Transport secretary Patrick McLoughlin is to lead a targeted review of the resilience of Britain’s transport network to extreme weather events in the wake of recent flooding.
Network Rail has already confirmed that it intends to beef up the resilience of its network in response to the recent storm damage to its infrastructure.
It has told NCE that it will commit to investing around £300M in measures to improve resilience to climate change in the next five year funding period starting in April. This is despite being told it must spend £1.8bn less than it had planned over the five years.
A Network Rail spokesman said that if more work was needed, cash would be found by working more efficiently on other programmes.
However, the spokesman said that cash would not be taken from the £31M announced by prime minister David Cameron to fund 10 specific weather resilience projects on the railway last week (see box).
The £31M for railways was part of £61M of funding announced by Cameron for flood-related projects in the road and rail sectors.
He also announced £30M for maintenance of local authority roads damaged by the severe weather.
McLoughlin’s review was one of the first decisions of the new Cabinet committee on flooding, also set up by Cameron last week. Its remit is to coordinate strategic long-term plans for flood recovery and flood resilience.
It will look at the plans of all transport providers and will build on the work of the 2010 Quarmby Review of cold weather resilience.
The review announced by McLoughlin will report by the summer.
The Chartered Institution of Highways and Transportation (CIHT) said it was “encouraged” by the announcement.
“The whole of our infrastructure network is important to different users in different ways and must be effectively maintained to an appropriate standard, providing a safe and efficient level of service,” said CIHT chief executive Sue Percy.
“Current long term predictions indicate that these extreme weather variations will continue, and situations such as the current flood events, and disruption caused, underline how adequate maintenance and funding of the network must be a fundamental part of UK transport policy.”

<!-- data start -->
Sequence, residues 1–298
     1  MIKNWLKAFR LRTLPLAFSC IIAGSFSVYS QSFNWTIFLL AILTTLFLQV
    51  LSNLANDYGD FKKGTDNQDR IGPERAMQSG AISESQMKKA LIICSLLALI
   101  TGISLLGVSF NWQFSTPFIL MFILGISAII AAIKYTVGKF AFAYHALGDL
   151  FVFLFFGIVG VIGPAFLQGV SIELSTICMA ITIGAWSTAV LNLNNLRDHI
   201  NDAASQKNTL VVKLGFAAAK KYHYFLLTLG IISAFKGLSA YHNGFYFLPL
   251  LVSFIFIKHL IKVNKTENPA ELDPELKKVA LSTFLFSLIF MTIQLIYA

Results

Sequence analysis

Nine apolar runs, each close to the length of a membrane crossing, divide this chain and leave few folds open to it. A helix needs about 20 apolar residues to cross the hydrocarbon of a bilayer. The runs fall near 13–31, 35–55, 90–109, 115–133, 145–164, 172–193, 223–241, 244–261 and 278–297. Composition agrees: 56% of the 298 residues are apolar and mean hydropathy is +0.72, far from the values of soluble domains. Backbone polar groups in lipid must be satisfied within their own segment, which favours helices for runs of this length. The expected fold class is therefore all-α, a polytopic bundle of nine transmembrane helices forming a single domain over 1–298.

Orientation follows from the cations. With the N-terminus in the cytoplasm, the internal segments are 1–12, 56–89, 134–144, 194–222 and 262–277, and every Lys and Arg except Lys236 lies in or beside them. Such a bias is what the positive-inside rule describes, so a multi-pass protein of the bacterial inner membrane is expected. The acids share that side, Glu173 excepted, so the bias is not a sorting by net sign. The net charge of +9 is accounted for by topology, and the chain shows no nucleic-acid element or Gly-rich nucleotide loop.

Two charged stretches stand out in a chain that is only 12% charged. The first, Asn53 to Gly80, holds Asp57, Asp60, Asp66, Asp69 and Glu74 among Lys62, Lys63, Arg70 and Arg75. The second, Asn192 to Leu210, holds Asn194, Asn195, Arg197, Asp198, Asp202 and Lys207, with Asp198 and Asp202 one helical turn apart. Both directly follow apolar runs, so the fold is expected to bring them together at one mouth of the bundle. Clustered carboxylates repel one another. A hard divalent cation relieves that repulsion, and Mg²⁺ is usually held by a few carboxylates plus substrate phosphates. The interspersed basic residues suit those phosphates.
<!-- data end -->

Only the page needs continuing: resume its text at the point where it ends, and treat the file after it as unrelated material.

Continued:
The flooding committee has also ordered a review of the Bellwin scheme, which provides emergency financial assistance to local authorities during exceptional circumstances. The review will consider whether the arrangements to compensate local authorities for the costs of emergency measures they have to implement are fit for purpose.
Cameron, who chairs the Cabinet flooding committee, has already said that local authorities will this year be reimbursed for 100% of their emergency costs rather than the usual 85%, with advance payments of up to 80% of costs immediately available.
The committee has also ordered a review of investment decision guidelines on flood defences. Current government rules demand that flood defence schemes are at least 15% funded by residents or businesses.
The rules are holding up a raft of flood defence schemes, including a proposal that would have protected many homes currently flooded in the Lower Thames valley.
“We’re determined to boost the resilience of the transport network against future severe weather,” said McLoughlin. “The funding the prime minister has announced, along with the other measures we are putting in place, will help make this happen.”
The cash for transport projects came a week after Cameron announced that an additional £130M would be spent on urgent flood defence repairs over the next two years.
This, said Cameron, was in addition to a “record £2.4bn” being spent on flood defences by this government.
The 10 rail resilience projects will see Network Rail undertaking work at the following locations:
- Cowley Bridge Junction
- Chipping Sodbury
- Whiteball Tunnel South
- Athley – Cogload
- Hele Bradninch
- Flax Bourton
- Patchway up Tunnel
- earthworks strengthening at Honiton and Crewkerne
Network Rail will also install rainfall, river flow and groundwater monitoring around Cowley Bridge Junction and Chipping Sodbury.